Turkey and the shifting geopolitical sands of North and East Africa

Protesters hold a banner reading "Stop war in Libya, Haftar and mercenaries" during a protest near the chancellery during the Peace summit on Libya at the Chancellery in Berlin on January 19, 2020. Image: Getty, John Macdougall/AFP

In the last few months Turkey’s actions in North Africa and the greater Middle East have confirmed it as an important regional power.

These efforts have been spurred by its desire to make up lost ground in its greater region where it has felt increasingly isolated, especially after its incursion in Syria. Its historical tensions and conflicts with Greece and Cyprus were compounded by the cooperation between them and Israel and Egypt on gas exploration in the eastern Mediterranean. In January, Cyprus, Greece and Israel signed the EastMed pipeline agreement. Turkey’s support for the Muslim Brotherhood in Egypt has also not endeared it to President Abdel Fatah el-Sisi’s government.

Turkey’s efforts to re-assert its influence, particularly in the Maghreb, accelerated in the dying days of 2019. In late November, Turkey signed two memoranda of understanding with Libya, the first on military cooperation and the second on delimiting the EEZ (Exclusive Economic Zone) between them, in an area of the Mediterranean where the disputes over exclusive economic zones between Greece, Cyprus and Turkey remain unresolved. On Christmas Day, the unannounced visit of President Recep Tayyip Erdogan to Tunisia and in early January to Algeria demonstrated his intention to persuade both countries to join Turkey in supporting President Fayez al-Sarraj of the Government of National Accord (GNA), the UN-recognised government, against General Khalifa Haftar’s rebel Libya’s National Army (LNA). Tunisia, however, maintained its position on non-interference, while Algeria’s ability to become involved in the Libyan crisis has been severely undermined by persistent domestic instability. Tunisian backing was essential if Turkey was to provide air and naval support for the GNA. After the visit of Turkey’s foreign minister to Algeria in early January, the newly elected president Abdelmadjid Tebboune publicly stated that Algeria opposed any form of foreign interference in Libya. For President el-Sisi, General Haftar is anti-Islamist and a military strongman in his own mould.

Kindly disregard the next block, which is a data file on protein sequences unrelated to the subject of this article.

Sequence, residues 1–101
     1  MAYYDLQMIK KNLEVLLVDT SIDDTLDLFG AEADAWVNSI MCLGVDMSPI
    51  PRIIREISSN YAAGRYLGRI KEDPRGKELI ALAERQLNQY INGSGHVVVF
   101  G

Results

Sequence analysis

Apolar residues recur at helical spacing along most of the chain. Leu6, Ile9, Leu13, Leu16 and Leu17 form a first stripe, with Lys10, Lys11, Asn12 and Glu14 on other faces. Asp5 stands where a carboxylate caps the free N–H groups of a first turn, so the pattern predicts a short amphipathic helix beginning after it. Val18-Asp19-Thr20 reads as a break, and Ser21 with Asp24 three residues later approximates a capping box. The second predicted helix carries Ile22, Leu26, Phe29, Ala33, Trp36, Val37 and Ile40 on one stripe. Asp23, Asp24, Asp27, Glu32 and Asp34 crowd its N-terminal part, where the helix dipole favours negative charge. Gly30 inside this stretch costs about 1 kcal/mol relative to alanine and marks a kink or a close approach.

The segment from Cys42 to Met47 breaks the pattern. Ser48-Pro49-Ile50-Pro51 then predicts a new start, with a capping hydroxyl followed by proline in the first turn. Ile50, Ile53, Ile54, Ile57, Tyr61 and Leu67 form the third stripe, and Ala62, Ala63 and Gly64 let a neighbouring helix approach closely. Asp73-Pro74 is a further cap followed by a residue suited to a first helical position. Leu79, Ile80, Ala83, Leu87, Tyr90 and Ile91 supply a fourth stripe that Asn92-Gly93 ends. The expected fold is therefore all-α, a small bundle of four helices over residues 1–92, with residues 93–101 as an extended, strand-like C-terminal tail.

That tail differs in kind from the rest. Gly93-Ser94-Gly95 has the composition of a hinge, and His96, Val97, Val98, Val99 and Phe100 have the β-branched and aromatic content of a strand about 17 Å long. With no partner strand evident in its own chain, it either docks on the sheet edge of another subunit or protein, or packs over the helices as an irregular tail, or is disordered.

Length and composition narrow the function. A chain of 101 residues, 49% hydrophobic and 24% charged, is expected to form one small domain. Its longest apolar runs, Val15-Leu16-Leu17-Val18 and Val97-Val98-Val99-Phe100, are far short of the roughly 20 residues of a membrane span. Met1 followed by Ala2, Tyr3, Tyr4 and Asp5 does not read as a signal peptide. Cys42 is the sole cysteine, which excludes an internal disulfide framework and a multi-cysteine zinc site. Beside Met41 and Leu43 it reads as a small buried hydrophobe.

Two important events that took place simultaneously by coincidence on 8 January, one in Istanbul and the other in Cairo, demonstrate how complicated the political chessboard in North Africa and the Near East has become, even before the assassination of the Iranian commander Qasem Soleimani in Baghdad by a United States air strike. In Istanbul, President Putin and President Erdogan made an appeal for a ceasefire in Libya, where Russia supports the LNA of General Khalifa Haftar and Turkey backs President Fayez al-Sarraj of the GNA. Haftar, who initially rejected the appeal, later participated in a conference in Moscow, but he left without committing himself to a ceasefire. Even though Turkey and Russia are opposed in Libya, they have significant common interests. Erdogan and Putin met in Istanbul in order to inaugurate a gas pipeline that serves both countries. Before the ceremony, they had a meeting behind closed doors and discussed the high tension created by the US-Iran confrontation. In addition to their political bonds, the economic cooperation between them is very impressive, especially in the energy field. In the words of Erdogan, “Turkey wants to become an international energy hub.”